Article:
Do you congratulate yourself on the fact that your team never argues or even disagrees with each other? Hold on. That might not be a good thing.
Results from a study of 55 executives teams by consulting firm RHR International found that while internal cohesion and psychological safety are important to executive team performance, they are not the most critical at the enterprise level. Rather, it is the team’s ability to manage conflicting tensions—as opposed to seeking agreement—that predicts top-team performance.
Even if you don’t lead an executive team, you know that conflict happens on most teams at all levels of your company. Indeed, with the emphasis on creating diverse teams, it’s likely that the different backgrounds, experiences, and expertise will lead to more wide-ranging points of view.
The trick is not to avoid conflict, but to understand that disagreement is often a step in the conversation process on the way toward understanding the larger system you within which your team operates.
Field #1: Politeness
In this field, team members are minding their p’s and q’s, making sure not to be seen as negative. In this stage, people do not necessarily say what they think in order to keep the peace and the appearance of playing “nice”. At this point, team members work to maintain the appearance of being a cohesive team by not “rocking the boat”. Nothing new happens in the field of politeness, so it’s likely that team members leave a conversation that stayed in this field with their expectations met. Same ol’ meeting, different day.
Field #2: Breakdown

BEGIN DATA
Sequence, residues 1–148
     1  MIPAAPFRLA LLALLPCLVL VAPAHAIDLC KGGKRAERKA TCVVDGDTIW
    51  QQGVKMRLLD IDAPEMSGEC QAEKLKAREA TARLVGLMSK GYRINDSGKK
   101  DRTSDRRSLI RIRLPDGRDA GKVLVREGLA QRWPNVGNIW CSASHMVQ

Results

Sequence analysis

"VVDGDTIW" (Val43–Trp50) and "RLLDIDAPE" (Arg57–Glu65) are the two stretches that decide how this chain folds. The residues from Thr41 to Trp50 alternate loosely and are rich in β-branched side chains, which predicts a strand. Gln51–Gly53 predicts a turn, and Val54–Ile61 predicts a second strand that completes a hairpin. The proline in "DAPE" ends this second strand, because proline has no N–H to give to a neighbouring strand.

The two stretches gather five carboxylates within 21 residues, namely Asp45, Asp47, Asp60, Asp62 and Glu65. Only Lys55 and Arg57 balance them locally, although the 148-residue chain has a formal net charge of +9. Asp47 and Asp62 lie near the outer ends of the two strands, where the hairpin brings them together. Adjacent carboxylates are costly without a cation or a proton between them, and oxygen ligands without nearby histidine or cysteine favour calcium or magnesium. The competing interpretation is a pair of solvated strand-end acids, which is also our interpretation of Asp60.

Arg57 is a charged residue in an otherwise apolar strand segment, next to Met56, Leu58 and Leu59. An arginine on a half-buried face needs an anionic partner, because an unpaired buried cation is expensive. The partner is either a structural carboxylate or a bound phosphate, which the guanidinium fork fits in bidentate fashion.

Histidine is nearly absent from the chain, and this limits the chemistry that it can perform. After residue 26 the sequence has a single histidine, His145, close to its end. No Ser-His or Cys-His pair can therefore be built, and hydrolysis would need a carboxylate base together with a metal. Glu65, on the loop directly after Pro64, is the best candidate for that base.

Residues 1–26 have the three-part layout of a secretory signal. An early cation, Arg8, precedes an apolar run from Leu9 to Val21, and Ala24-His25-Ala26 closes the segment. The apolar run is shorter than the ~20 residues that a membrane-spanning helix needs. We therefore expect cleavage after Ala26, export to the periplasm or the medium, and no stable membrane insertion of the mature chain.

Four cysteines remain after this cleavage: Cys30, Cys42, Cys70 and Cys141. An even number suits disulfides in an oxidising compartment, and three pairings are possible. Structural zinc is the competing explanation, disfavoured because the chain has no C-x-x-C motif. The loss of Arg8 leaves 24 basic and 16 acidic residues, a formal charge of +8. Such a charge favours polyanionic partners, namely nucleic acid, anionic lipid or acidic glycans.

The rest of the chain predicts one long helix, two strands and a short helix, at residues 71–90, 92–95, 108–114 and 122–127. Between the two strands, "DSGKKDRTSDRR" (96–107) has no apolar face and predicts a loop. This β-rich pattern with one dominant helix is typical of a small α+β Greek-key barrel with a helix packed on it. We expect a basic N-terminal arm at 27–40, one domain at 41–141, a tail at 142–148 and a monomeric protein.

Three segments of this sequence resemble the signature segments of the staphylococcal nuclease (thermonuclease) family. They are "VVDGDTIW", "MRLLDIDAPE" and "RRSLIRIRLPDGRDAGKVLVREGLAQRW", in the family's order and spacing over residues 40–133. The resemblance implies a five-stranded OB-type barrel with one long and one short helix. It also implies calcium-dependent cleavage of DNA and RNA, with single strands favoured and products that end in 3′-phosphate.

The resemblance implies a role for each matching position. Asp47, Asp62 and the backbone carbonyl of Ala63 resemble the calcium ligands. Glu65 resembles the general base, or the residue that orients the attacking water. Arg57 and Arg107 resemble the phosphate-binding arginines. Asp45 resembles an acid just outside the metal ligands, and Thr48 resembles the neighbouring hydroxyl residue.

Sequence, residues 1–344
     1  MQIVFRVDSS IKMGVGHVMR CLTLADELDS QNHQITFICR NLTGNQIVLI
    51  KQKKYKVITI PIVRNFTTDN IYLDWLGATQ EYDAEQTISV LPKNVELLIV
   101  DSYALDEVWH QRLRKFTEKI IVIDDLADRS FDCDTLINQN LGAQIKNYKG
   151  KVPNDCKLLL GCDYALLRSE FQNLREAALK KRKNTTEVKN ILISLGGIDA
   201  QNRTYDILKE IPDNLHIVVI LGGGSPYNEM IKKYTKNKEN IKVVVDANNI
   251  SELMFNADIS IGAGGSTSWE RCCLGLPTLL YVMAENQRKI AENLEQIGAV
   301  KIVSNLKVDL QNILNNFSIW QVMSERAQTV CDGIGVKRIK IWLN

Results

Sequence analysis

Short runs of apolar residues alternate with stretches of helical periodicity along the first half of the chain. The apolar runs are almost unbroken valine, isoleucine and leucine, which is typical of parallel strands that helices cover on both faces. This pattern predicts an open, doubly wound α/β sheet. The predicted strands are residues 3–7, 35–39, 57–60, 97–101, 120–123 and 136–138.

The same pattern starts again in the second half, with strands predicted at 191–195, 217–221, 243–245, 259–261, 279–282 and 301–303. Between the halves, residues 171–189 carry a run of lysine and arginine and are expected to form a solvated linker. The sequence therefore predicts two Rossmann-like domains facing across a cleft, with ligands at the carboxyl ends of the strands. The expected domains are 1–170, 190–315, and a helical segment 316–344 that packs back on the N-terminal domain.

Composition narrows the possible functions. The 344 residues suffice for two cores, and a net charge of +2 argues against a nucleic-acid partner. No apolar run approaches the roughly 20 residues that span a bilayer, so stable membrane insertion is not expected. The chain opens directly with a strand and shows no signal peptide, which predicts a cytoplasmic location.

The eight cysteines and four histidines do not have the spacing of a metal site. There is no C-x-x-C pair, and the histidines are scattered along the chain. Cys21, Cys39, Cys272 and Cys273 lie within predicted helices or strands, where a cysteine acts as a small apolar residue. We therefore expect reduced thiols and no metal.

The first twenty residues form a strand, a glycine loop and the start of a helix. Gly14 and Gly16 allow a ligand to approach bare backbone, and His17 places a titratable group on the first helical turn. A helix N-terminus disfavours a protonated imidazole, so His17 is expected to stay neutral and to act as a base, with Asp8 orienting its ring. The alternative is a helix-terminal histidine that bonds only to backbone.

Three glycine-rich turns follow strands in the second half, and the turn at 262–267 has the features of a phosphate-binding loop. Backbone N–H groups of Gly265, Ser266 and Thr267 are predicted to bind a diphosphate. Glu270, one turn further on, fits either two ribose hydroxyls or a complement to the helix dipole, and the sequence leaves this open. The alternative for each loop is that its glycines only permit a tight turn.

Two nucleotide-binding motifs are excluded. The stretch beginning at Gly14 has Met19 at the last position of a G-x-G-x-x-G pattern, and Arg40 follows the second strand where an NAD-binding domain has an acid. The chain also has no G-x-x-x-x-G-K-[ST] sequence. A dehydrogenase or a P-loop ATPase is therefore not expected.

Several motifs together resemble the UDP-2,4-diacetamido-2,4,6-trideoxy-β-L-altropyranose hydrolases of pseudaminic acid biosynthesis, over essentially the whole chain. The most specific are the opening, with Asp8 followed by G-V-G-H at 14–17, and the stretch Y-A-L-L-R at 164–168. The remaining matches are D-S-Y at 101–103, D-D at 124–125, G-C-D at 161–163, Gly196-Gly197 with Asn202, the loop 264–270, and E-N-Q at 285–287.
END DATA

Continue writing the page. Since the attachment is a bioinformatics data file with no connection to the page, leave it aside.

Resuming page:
During a team meeting or discussion, it’s probably not uncommon from your team to move to the field of breakdown. You know you’re in breakdown when individual team members begin to assert their individual points of view (POV). In this field, tension in the group begins to rise as group cohesion dissipates and individuals debate, defend, and argue about the merits of their assertions, credentials, experiences, and facts known to them. When team conversations end in this field of breakdown, team members leave the conversation with awareness or new information from other POVs that challenge assumptions and information they knew coming in. When team members begin to realize that there is a different way to look at the issue or their own part in the issue/situation that they hadn’t thought of or realized before.
Field #3: Inquiry
In inquiry, team members begin to reflect on their own perspectives as parts of the whole, rather than the only or the “right” perspective. In fact, in this field team members gain a new perspective. They begin to ask questions out of curiosity about what they truly don’t understand, instead of asking leading or charged questions to convince others to see their points of view.
Field 4: Flow
The team enters level four feeling like a cohesive group again co-creating new ideas that move within the group. The team sees the bigger picture or system because of its awareness of multiple POVs. You’re in this field when energy and inspiration is high in anticipation of something new being created. Team members leave the conversation feeling like they have become different people who are more connected to who they are meant to be.
As a bonus, fill in the form below to download a graphic detailing the four fields of conversation. This tool is useful in teaching your team how think and work together for break-through results. You and your team will learn to move from conflict to creativity and innovation more effectively.